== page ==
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DateOriginal Topic
22nd July 2003What the soldiers ate?
By Andrew
Does anyone know what the British soldiers ate in the Zulu war, because I have no idea?
22nd July 2003David Colbourne
22nd July 2003David Colbourne
Horsemeat and axle grease, what else?

ps, not sure what happened to my original message!
22nd July 2003Peter Ewart

There is plenty of material describing what the soldiers ate during the campaign.

Most authorities mention the bully beef, the mealies (corn) & army biscuits (which had uses other than for making barricades!) Wood's column baked their own bread daily when they could. Oxen were slaughtered for fresh meat but it wasn't always fresh when eaten & veg was very occasionally available. At the Eshowe siege things eventually got a bit rough when supplies were down.

Published letters (as in Emery's "The Red Soldier") describe the food and the harsh living conditions brought about by living rough in the same gear for months on end in the bush or in cramped & very unsanitary conditions at Rorke's Drift, Helpmekaar & Eshowe after the Jan disaster, leading to many deaths from disease.

Water borne diseases weren't fully understood (or were often ignored) & there is a well known water-colour by Lt Lloyd, 24th, captioned "our best drinking water" depicting an AZW soldier carrying pales filled from a spruit containing dead oxen. Twenty years later the same happened all over again in S Africa, when supervision of water supplies was poor and Tommy ended up quaffing contaminated water for his last drink on this earth.

For a good account of conditions generally during the campaign, including food supplies, see Brian Best, "Campaign Life in the British Army During the Zulu War" (AZWHS Journal No 2, Dec 1997) or Ian Knight's "Go to Your God Like a Soldier" (Greenhill, 1996) for another good general account of army food during that period.

23rd July 2003Keith Smith
Hi Andrew

You might like to read an extract from Local General Orders, released in Natal in December, 1878, just prior to the First Invasion:

" The Australian and American preserved meat issued to troops having been already cooked, must on no account be heated for any length of time when being prepared for use. The vegetables should be prepared separately, and the meat added only sufficient time before serving to warm it through.
The following receipts, the ingredients of which are proportional for messes of 22 men each, if carefully prepared, afford a variety of dishes in palatable form:
MEAT PIE. Ingredients, 16 lb. of meat, 5lb. suet, 1lb. of onions, 2 oz. Of slat, 2 oz. Of pepper. Mode, Make the paste, cut up and stew the onions with any jelly from the meat added, cut the meat in dice, place it in a baking dish, add the cooked onions, season with pepper and salt, cover with a light crust, and bake in a quick oven for 20 minutes."

In the following April, a warning appeared:

" 3. The following paragraph of Local General Order 149 of 1878, is republished for general information: Item 9 Fresh meat should always be issued if possible.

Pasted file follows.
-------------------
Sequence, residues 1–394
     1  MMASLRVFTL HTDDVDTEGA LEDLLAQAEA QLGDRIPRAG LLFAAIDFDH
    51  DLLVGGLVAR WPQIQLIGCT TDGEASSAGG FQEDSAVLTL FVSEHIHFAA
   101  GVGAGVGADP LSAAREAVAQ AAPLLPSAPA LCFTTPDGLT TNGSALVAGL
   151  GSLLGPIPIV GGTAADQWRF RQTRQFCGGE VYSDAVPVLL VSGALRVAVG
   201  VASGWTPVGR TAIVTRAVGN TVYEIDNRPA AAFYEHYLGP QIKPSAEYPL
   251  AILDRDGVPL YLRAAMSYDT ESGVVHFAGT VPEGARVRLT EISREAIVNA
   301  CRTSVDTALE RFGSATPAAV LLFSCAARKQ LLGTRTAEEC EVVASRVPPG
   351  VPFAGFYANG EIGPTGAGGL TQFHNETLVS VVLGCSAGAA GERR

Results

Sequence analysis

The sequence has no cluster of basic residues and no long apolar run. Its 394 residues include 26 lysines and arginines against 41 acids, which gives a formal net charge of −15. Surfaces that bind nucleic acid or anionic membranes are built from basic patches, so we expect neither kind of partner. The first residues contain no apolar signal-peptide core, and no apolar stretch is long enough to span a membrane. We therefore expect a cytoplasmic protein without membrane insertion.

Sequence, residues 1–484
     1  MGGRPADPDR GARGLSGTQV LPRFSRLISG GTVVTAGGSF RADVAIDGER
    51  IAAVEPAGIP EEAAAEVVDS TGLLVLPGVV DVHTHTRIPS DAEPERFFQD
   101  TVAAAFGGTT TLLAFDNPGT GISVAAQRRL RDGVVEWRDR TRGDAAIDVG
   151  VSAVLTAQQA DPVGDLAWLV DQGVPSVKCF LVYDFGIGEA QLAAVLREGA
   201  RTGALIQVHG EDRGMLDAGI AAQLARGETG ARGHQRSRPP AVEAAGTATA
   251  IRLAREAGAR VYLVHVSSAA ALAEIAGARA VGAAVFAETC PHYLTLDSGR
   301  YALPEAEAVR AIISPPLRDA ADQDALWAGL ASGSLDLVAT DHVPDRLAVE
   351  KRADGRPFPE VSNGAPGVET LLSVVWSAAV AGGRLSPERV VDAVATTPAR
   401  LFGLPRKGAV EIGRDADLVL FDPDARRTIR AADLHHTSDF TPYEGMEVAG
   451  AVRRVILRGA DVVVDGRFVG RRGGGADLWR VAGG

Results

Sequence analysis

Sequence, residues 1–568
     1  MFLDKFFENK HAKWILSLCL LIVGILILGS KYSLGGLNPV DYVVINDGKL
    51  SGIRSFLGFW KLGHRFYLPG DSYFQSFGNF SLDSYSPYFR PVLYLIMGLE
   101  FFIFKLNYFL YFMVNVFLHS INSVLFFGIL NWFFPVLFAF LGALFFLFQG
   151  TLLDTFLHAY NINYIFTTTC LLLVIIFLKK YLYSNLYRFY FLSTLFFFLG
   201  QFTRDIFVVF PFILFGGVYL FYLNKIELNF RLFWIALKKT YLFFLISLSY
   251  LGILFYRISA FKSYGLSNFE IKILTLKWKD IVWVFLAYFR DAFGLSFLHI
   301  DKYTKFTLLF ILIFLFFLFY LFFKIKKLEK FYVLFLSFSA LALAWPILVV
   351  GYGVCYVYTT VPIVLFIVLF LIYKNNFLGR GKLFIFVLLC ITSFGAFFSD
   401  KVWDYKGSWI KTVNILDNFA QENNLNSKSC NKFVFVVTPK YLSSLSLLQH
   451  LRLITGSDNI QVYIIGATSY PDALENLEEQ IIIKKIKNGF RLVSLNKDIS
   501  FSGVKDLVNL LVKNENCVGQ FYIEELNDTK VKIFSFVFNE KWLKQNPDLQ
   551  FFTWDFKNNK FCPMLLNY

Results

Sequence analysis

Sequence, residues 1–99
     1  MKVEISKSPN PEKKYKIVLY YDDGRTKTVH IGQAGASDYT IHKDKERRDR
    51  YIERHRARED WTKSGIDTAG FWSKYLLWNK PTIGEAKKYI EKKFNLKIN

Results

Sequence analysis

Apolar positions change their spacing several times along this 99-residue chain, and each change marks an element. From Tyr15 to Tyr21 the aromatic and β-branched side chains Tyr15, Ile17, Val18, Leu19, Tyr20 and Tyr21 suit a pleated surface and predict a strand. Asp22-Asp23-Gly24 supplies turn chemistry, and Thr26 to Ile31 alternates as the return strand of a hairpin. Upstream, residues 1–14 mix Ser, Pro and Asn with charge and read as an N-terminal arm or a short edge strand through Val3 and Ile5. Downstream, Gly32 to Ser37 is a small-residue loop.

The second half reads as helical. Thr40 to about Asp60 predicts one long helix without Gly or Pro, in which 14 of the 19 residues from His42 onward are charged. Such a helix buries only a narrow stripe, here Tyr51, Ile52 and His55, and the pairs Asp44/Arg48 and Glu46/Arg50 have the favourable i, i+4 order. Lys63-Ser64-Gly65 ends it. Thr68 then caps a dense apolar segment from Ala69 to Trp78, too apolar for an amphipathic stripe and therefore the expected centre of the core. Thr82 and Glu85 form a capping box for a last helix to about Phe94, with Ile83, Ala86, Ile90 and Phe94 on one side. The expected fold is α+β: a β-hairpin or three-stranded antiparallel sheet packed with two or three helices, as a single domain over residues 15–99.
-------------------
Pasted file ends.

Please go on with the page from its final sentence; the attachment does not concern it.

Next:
With reference to the above order, officers commanding Sections and Columns are directed never to permit the issue of preserved meat, unless absolutely necessary, as it is intended to be kept as a reserve, to be used only when fresh meat cannot be issued."

Keith Smith

23rd July 2003Martin Heyes

At risk of being a tad flippant, might I suggest soup which was prepared by a chef (????) with quite an impressive moustache, who was none-too-impressed with not only having to use it to douse the cooking fires but also at having to pick up a rifle!!

But judging from the expression on his face when he tasted it - I don' think he was missing too much.

Oh, and if your name was Hook, (my malingering Hector - eeerr, Hook's the name, Sir), you had to make do with flies in your meat...and other unmentionables

Martin Heyes
23rd July 2003John F. Sukey
If Pte. Hook was a malingerer, how did he get promoted?
23rd July 2003Miguel
In reference to the canned meat never to be heated, as mentioned by Keith, that reminds me of Rodhesian Selous Scouts being taught that rotten flesh could be cooked and safely eaten only once, becoming a poison if cooked again due to some chemical reaction.

I wonder if this has anything to do with it.

Keith, any info on this?

Canary Islands
24th July 2003Martin Heyes

For the umpteenth time.........Hook was not a malingerer; a drunkard; a coward or anything else Endfield portrayed him to be. He was of Gloucestershire yeoman stock; lower middle class and no-one seems to know quite why he joined the Army.

But he was NOT the man as portrayed by Booth.

24th July 2003Trevor
Perhaps he joined the Army to escape all the lies being told about him!!!!!
24th July 2003Daniel

24th July 2003Daniel
Dont know what happened to my post?!?

I was talking about what the officers ate
25th July 2003gary
the makers of the film portrayal of hook was in truth was as far removed from the reality of the man as they could get!
he was a deeply religious man who abstained from drinking alcohol
like martin said the real mystery is why he joined the army in the first place.